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Photo: Mike Cameron
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Aimed primarily at guitarists who need audio interfacing and a keyboard, the KB37 seems to have a lot to offer for the price. We find out how it measures up.
While Line 6 started out as a company catering predominantly for guitarists, products such as the Toneport suggest that they are taking the computer-recording market very seriously, and the inclusion of Pod-style software amp-modelling makes it clear that they intend to make computer recording more attractive to the guitar player.
That being the case, you may wonder why they have produced what, at first sight, looks like a controller keyboard. A closer look reveals that although the 37-note, velocity-sensitive keyboard, which has both pitch-bend and modulation wheels, provides the main visual focus for the unit, there is really a lot more to it than that. In fact, the Toneport KB37 includes a fully functional, two-channel Toneport computer audio interface (24-bit at 44.1 or 48kHz), complete with two mic amps capable of phantom-powering capacitor microphones. (You can use the device to work on projects being recorded at 96kHz, though, a feat made possible by sample-rate conversion at the driver level, which avoids USB bandwidth bottlenecks and allows simultaneous I/O at 96kHz.) There are also transport controls and four assignable real-time knobs and buttons for controlling key parameters of your PC or Mac software. All this connects to the computer via a conventional USB cable and all the necessary power is drawn from your computer's USB bus.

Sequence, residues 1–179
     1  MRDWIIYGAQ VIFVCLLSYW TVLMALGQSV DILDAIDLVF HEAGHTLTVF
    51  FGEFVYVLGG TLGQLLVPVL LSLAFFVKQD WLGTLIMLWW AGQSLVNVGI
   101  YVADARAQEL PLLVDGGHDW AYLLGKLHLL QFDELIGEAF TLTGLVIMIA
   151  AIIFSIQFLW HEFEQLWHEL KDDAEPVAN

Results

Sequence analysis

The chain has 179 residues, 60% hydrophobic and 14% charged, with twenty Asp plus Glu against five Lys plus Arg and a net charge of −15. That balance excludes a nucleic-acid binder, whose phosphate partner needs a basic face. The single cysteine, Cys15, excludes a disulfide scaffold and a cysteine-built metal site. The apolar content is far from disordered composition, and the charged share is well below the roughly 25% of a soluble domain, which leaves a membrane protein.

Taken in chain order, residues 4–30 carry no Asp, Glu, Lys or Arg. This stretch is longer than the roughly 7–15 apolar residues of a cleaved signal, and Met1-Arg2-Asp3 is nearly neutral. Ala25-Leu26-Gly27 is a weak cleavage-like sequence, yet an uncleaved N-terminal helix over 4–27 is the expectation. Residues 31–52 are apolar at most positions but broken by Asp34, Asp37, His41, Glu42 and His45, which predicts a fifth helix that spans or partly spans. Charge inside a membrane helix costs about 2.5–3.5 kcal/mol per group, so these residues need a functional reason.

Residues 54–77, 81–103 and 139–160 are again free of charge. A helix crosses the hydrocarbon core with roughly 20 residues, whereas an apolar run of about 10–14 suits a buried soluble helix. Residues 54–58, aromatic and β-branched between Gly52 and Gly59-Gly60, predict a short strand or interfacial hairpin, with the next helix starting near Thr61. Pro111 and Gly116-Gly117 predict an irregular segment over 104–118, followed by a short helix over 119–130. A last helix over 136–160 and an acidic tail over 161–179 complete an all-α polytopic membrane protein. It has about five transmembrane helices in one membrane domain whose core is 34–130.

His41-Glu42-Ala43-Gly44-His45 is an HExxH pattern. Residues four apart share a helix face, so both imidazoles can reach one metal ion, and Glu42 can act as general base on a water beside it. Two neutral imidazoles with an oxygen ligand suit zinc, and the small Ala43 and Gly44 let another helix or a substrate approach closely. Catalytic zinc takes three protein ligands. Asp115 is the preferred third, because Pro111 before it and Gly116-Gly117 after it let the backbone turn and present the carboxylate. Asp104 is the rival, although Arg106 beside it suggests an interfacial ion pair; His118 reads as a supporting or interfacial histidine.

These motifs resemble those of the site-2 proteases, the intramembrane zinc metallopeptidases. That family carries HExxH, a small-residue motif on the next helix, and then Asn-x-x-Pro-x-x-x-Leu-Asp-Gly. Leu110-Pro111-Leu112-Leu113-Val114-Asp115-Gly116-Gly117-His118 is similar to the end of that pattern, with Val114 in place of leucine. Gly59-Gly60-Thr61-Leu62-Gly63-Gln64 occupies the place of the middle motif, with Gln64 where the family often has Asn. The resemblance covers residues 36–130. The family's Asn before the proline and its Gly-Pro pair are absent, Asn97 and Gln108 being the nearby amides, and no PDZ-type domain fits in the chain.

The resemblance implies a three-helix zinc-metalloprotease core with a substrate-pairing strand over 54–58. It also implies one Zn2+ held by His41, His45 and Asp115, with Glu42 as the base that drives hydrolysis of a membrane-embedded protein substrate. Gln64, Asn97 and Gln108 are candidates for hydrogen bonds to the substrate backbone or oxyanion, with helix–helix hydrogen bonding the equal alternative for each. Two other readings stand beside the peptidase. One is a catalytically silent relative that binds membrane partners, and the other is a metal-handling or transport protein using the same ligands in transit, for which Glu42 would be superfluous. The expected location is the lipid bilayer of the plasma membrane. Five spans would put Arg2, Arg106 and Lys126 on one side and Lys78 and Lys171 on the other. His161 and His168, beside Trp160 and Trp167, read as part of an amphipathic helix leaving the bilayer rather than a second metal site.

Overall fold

Even guitar players need a keyboard for inputting MIDI data on occasions, if only for bashing in drum parts, so the KB37 is far more guitarist orientated than it might at first appear. As with the stand-alone Toneports, you get the Gearbox amp-modelling software, offering not only 16 amp models taken from the Pod XT but also a range of pedal effects, bass-amp modelling from the Bass Pod XT and even emulations of classic vocal-recording preamps. This software doesn't function as a plug-in; rather, you record through it. All the emulations benefit from Line 6's Direct Tone Monitoring, enabling you to record and monitor via the amp models and effects without hearing any latency, even where the host software requires large buffer sizes. This is achieved by doing the necessary processing before the audio encounters the drivers for the main DAW software, so the experience of recording is very similar to playing through a piece of hardware, with on-screen controls. For me, the direct-monitoring aspect of this package is a big deal, because even small amounts of monitoring delay while recording can adversely affect the performance of a guitarist or singer.
You don't even need to worry about expensive recording software, because the Toneport KB37 comes with its own copy of Ableton Live 5 Lite, though Mac users can also use the Garage Band software that comes with all new Macs, if they prefer. Add a microphone plus a pair of headphones and the Toneport KB37 really is all you need to turn your computer into a fully functional recording system.